Cornus circinata. Round-leaved Dogwood.
Nat. Ord. — Cornaceae. Sex. Syst. — Tetrandria Monogynia,
Description. — This plant, likewise called Broad-leaved Dogwood, Alder-leaved Dogwood, Round-leaved Cornel, etc., is a shrub growing from six to ten feet high, with straight, slender, greenish and verrucose branches. The leaves are large, about as broad as long, orbicular, or very broadly oval, opposite, acuminate, waved on their edges, somewhat rough above, but lanuginous beneath. The flowers are white, in small, spreading, depressed cymes, without an involucrum. The fruit or berries are a bright blue, becoming lighter colored as they mature, small, soft, hollowed at base, and crowned with the persistent style.
History. — This plant is a native of the United States, growing from Canada to Virginia, on hill-sides and the banks of rivers, and flowering in June and July. The dried bark is usually in quills of a whitish or ash -color, and affords a gray powder, somewhat resembling that of ipecacuanha. Its odor is slight, and its taste bitter, astringent, and somewhat aromatic. It imparts its virtues to water, and in chemical character, has thus far been found analogous with the Cornus Florida.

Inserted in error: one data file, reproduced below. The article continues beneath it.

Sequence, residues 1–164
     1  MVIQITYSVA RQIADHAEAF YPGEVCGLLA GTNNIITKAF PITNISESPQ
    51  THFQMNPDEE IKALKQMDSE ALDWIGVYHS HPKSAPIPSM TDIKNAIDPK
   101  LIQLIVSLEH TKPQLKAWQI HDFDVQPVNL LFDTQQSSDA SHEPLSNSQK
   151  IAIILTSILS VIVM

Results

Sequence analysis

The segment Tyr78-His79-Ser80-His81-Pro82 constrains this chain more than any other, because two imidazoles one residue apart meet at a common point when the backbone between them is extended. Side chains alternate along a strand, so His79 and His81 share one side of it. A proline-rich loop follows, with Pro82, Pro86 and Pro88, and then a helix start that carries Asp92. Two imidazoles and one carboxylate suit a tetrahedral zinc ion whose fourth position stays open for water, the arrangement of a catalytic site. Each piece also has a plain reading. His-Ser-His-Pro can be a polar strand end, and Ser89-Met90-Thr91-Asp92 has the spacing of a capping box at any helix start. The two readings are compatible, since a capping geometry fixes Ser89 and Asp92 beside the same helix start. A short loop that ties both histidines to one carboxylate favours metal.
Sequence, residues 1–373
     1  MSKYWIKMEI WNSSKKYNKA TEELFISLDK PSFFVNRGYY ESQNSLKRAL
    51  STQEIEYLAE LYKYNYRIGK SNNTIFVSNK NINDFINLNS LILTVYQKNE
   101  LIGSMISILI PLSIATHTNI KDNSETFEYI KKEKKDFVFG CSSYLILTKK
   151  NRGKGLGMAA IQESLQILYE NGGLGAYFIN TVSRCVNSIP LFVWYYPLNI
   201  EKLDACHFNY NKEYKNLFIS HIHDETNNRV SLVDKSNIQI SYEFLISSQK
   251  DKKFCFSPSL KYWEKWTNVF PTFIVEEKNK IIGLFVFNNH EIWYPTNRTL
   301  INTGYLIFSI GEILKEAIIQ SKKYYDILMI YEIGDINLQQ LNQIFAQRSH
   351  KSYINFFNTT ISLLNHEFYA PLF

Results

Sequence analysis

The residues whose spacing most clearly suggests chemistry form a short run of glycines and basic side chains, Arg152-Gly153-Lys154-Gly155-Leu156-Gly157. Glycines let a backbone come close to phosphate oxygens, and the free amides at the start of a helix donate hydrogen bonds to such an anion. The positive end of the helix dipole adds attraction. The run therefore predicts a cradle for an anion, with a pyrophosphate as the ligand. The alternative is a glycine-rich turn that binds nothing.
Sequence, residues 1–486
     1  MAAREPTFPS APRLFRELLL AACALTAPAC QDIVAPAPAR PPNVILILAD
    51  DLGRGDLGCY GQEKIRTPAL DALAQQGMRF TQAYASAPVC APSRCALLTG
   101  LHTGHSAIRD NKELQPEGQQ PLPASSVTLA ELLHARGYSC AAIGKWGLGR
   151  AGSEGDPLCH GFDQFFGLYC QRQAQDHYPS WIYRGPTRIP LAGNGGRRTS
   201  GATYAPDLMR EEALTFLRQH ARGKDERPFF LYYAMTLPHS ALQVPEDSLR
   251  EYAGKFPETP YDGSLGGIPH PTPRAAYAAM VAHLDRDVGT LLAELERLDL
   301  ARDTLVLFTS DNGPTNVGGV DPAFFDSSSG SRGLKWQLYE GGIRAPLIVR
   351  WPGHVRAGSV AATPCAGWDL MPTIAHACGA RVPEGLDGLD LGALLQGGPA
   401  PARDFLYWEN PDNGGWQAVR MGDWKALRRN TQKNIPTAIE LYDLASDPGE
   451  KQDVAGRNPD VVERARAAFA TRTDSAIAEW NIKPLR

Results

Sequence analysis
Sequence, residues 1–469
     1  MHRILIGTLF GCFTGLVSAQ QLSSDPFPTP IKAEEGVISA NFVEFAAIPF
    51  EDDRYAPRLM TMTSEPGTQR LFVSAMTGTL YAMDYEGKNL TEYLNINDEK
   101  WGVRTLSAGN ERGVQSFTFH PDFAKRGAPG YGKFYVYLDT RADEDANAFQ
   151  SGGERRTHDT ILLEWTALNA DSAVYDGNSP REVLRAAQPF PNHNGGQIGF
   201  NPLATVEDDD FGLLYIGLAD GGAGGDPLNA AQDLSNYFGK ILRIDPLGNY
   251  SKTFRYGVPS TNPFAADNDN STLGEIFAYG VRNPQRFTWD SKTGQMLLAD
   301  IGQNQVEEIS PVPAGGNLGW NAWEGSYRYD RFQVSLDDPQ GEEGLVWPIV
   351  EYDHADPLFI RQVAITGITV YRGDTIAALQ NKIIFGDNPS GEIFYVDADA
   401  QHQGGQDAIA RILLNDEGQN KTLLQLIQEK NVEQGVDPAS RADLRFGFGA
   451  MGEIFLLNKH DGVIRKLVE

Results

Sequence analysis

Properties and Uses. — An astringent tonic, which may be employed in all cases where such agents are indicated. An infusion of it may be made by infusing an ounce of the coarsely-powdered bark in a pint of boiling water, and may be given in doses of one or two fluidounces, several times a day ; it is useful in diarrhea and dysentery, and also as a gargle in sore-throat. One ounce of the bark affords 150 grains of an astringent, intensely bitter extract, which may be used with benefit. The medical virtues of this plant are similar to those of the Cornus Florida, as well as its doses.